The Zemach Zedek and the Haskalah Movement
Rabbi Menachem Mendel Schneersohn, famed as the "Tzemach Tzedek" after his magnum opus on Talmudic law, was born on the eve of Rosh Hashana 5549 (1789), to Rabbi Shalom Schachne and Devora Leah. His maternal grandfather was Rabbi Schneur Zalman (Baruchovitch) of Liadi-Lyozna, founder of Chabad Chassidus, and popularly known as the "Alter Rebbe" (Old Rabbi), or simply as the "Rav." Two great works of Rabbi Schneur Zalman are Tanya and Shulchan Aruch, on Chassidus and Torah law respectively. Rabbi Menachem Mendel's father-in-law was his uncle Rabbi Dov-Ber Schneuri, the "Mitteler Rebbe," whom he succeeded as head of the Chabad Chassidim on Kislev 10, 5588 (1827 ), until his passing on Nissan 13, 5626 (1866) .
When Rabbi Menachem Mendel was fifteen, Rabbi Schneur Zalman instructed him to work with his uncle, Rabbi Moshe, in communal affairs. This was in addition to his responsibility to study all inquiries on Torah matters, and after discussion of the law with Rabbi Yehuda Leib of Yanovitch (Rabbi Schneur Zalman's brother and author of Sheris Yehuda), to submit responsa in outline to Rabbi Schneur Zalman.
After residing briefly in Haditch where Rabbi Schneur Zalman had been interred in 1813, Rabbi Menachem. Mendel settled in Lubavitch, Mogilev province, in 1814, with his father-in-law. He stipulated that no communal problems intrude on his studies. His assiduity in study was exceptional,1 and he continued to examine all Torah inquiries received by Rabbi Dov-Ber. When Rabbi Dov-Ber approved, he would answer the letters. This regime lasted about twelve years.
In a supplement to Torah Or (N. Y. 1954, p. 285), Rabbi Joseph I. Schneersohn writes:
By the age of ten (Rabbi Menachem Mendel) had a swift and beautiful hand. He could write a page of thirty lines in five or six minutes. Every day he wrote for three hours, and to make up for Shabbos and Holy days, he wrote the following evening. Once his son complained about the excessive stringency of a teacher, R. Gershon. "Is that stringent?" Rabbi Menachem Mendel exclaimed. "It is nothing compared to the regimen I imposed on myself at the age of nine, regarding hours of study and writing."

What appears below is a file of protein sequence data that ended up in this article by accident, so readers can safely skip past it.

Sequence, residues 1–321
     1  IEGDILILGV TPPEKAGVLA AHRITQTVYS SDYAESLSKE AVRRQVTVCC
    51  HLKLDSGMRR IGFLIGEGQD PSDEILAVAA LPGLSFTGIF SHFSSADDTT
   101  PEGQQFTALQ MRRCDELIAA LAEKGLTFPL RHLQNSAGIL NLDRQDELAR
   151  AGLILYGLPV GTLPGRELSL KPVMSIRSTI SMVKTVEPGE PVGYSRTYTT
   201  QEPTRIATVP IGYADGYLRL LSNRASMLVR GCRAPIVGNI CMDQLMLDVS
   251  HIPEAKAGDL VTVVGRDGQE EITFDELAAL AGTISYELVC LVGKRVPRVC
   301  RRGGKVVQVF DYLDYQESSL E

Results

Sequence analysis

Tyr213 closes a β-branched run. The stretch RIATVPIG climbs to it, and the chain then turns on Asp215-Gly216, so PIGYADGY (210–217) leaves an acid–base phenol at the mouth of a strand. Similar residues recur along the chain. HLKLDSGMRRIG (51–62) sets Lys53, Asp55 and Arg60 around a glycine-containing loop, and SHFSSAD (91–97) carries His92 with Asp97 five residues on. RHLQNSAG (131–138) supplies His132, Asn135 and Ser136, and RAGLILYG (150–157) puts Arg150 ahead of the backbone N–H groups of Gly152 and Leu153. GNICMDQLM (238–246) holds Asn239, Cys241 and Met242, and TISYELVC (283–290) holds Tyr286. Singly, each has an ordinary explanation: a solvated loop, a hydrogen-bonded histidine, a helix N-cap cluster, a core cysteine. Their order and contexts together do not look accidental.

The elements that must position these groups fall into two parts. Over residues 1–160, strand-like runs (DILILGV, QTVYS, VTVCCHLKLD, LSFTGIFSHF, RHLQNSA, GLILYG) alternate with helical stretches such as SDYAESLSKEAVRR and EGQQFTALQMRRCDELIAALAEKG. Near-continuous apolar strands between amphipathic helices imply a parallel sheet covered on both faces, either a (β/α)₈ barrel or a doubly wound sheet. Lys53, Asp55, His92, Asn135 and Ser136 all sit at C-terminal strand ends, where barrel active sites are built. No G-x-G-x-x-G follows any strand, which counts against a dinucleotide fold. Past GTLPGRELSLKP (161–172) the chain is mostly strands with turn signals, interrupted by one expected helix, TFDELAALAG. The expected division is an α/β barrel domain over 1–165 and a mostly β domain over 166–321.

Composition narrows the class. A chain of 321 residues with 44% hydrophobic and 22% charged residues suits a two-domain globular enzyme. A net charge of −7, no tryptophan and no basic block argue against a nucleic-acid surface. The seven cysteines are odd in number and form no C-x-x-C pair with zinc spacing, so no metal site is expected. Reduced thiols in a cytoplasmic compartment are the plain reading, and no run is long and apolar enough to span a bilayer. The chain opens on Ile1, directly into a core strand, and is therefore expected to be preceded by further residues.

In later years Rabbi Menachem Mendel attributed his success at the Rabbinical Commission of 1843 to three merits. One was the 32,000 hours he spent during thirty years in profound study of Rabbi Schneur Zalman's works, and the commentaries he wrote then twenty hours every week.
Rabbi Dov-Ber was accused1 in 1826 of subversive activities, and ordered to appear in Vitebsk. At this point Rabbi Menachem Mendel entered public life. His first undertaking was the organization of a committee, composed of people from various circles, to defend Rabbi Dov-Ber. He also laid t efforts on establishing farm colonies in Vitebsk and Minsk provinces; Mogilev boasted a great many colonies by that time.
Years later this letter came into the hands of the recipient's heir, as unscrupulous and vengeful enemy of the Rabbi. He harbored air implacable hatred of the Rabbi for some personal family "slight." He attempted to use this letter to blackmail the Rabbi, but the Rabbi refused to be intimidated by a perfectly innocent letter.
With some judicious doctoring, the figures in the letter, "three or four thousand rubles" became "one hundred and three or four thousand." This was indeed a "considerable" sum. What could be its purpose? And how did he gather such a sum on so short a journey? Simple. He was plotting a revolution! The money was destined for the Turks, who then ruled the Holy Land. The regular remittances to needy scholars there lent an air of credibility to the charges.
Other weird accusations were made concerning the dimensions of the Rabbis synagogue being similar to those of the Jerusalem Temple, and of course that meant that he intended to be King of Israel or something. The similarity to the charges leveled against Rabbi Schneur Zalman ( fn. 37) in 1798 is striking.
In the fall of 1826 the Rabbi was instructed to appear in Vitebsk, the provincial capital. This was done in a most respectful manner, through high-ranking officers and arrangements to suit the Rabbi. Hundreds accompanied him from Lubavitch, and at every village the elders met him with the traditional bread and salt. The honor and reverence accorded him by Jew and Gentile deeply impressed the officials.
Governor-General Chavanski, a harsh man who entertained little affection for the Rabbi, conducted the investigation. However, Dr. Heibenthal, Jan Lubomirski, and others interceded on his behalf. He was treated with dignity and later permitted to worship publicly, lecture on Chassidus, etc. He was officially informed that he was completely exonerated of all suspicion and released on Kislev 10, a festival among Chassidim ever since.
For details of the dramatic trip and investigation, see Hatomim II, Warsaw, 1935, p. 74 ff.